Structure and properties of slow-resorbing nanofibers obtained by (co-axial) electrospinning as tissue scaffolds in regenerative medicine


PeerJ 5:e4125

Andrzej Hudecki1, Joanna Gola2, Saeid Ghavami3,4, Magdalena Skonieczna5, Jarosław Markowski6, Wirginia Likus7, Magdalena Lewandowska8, Wojciech Maziarz9, Marek J. Los10,11,12
1 Institute of Nonferrous Metals, Gliwice, Poland
2 Department of Molecular Biology, School of Pharmacy with the Division of Laboratory Medicine in Sosnowiec, Medical University of Silesia, Sosnowiec, Poland
3 Department of Human Anatomy and Cell Science, University of Manitoba, Winnipeg, MB, Canada
4 Health Policy Research Center, Institute of Health Shiraz University of Medical Sciences, Shiraz, Iran
5 Biosystems Group, Institute of Automatic Control, Faculty of Automatics, Electronics and Informatics, and Biotechnology Centre, Silesian University of Technology, Gliwice, Poland
6 ENT Department, School of Medicine in Katowice, Medical University of Silesia in Katowice, Katowice, Poland
7 Department of Anatomy, School of Health Sciences in Katowice, Medical University of Silesia, Katowice, Poland
8 Department of Pathology, Pomeranian Medical University, Szczecin, Poland
9 Institute of Metallurgy and Material Science Polish Academy of Sciences, Kraków, Poland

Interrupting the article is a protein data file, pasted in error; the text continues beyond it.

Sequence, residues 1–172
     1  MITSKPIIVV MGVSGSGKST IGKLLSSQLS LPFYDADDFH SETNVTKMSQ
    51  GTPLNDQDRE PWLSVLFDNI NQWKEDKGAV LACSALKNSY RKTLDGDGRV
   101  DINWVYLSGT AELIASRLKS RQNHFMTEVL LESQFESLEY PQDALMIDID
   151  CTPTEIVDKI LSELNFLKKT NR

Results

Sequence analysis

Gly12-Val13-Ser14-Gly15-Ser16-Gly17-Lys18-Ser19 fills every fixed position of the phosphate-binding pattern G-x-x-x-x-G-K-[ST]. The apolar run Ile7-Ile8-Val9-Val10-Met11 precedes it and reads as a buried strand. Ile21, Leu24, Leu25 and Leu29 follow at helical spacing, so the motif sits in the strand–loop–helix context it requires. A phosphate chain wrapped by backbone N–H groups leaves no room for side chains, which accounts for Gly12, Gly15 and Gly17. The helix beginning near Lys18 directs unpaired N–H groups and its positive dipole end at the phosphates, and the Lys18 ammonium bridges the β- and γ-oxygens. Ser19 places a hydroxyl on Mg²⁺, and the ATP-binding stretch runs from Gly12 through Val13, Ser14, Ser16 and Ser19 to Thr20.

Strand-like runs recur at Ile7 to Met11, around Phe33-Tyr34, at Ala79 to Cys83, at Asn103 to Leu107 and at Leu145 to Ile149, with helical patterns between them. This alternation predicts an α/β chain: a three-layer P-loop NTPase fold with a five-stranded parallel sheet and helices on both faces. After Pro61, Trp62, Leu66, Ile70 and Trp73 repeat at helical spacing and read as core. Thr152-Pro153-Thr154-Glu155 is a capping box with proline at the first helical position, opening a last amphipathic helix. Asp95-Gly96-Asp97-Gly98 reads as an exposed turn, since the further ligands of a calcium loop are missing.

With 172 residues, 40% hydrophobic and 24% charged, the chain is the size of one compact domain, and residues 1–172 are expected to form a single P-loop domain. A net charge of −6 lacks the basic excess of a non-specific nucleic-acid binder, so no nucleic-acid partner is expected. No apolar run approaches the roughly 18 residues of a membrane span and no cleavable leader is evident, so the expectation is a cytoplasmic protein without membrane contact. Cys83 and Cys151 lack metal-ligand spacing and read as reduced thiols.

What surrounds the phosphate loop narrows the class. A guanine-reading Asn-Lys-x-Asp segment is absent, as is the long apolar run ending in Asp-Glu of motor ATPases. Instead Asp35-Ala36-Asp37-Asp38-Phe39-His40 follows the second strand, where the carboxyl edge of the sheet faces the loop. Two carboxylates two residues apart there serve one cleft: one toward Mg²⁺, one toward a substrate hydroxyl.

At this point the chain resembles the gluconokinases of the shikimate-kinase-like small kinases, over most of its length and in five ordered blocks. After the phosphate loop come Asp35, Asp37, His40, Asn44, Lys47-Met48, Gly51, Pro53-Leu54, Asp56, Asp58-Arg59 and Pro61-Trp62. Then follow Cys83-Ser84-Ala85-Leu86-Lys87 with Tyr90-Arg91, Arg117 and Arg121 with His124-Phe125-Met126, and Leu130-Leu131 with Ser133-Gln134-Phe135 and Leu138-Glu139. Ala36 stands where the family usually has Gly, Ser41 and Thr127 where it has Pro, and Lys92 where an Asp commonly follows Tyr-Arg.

10 Małopolska Center of Biotechnology, Kraków, Poland
11 Linkocare Life Sciences AB, Linkoping, Sweden
12 Centre de biophysique moléculaire CNRS, Rue Charles Sadron, Orleans cedex 2, France


With the rapid advancement of regenerative medicine technologies, there is an urgent need for the development of new, cell-friendly techniques for obtaining nanofibers—the raw material for an artificial extracellular matrix production. We investigated the structure and properties of PCL10 nanofibers, PCL5/PCL10 core-shell type nanofibers, as well as PCL5/PCLAg nanofibres prepared by electrospinning. For the production of the fiber variants, a 5–10% solution of polycaprolactone (PCL) (Mw = 70,000–90,000), dissolved in a mixture of formic acid and acetic acid at a ratio of 70:30 m/m was used. In order to obtain fibers containing PCLAg 1% of silver nanoparticles was added. The electrospin was conducted using the above-described solutions at the electrostatic field. The subsequent bio-analysis shows that synthesis of core-shell nanofibers PCL5/PCL10, and the silver-doped variant nanofiber core shell PCL5/PCLAg, by using organic acids as solvents, is a robust technique. Furthermore, the incorporation of silver nanoparticles into PCL5/PCLAg makes such nanofibers toxic to model microbes without compromising its biocompatibility. Nanofibers obtained such way may then be used in regenerative medicine, for the preparation of extracellular scaffolds: (i) for controlled bone regeneration due to the long decay time of the PCL, (ii) as bioscaffolds for generation of other types of artificial tissues, (iii) and as carriers of nanocapsules for local drug delivery. Furthermore, the used solvents are significantly less toxic than the solvents for polycaprolactone currently commonly used in electrospin, like for example chloroform (CHCl3), methanol (CH3OH), dimethylformamide (C3H7NO) or tetrahydrofuran (C4H8O), hence the presented here electrospin technique may allow for the production of multilayer nanofibres more suitable for the use in medical field.


Solution electrospinnning
Core-shell nanofibers
Co-axial electrospinning
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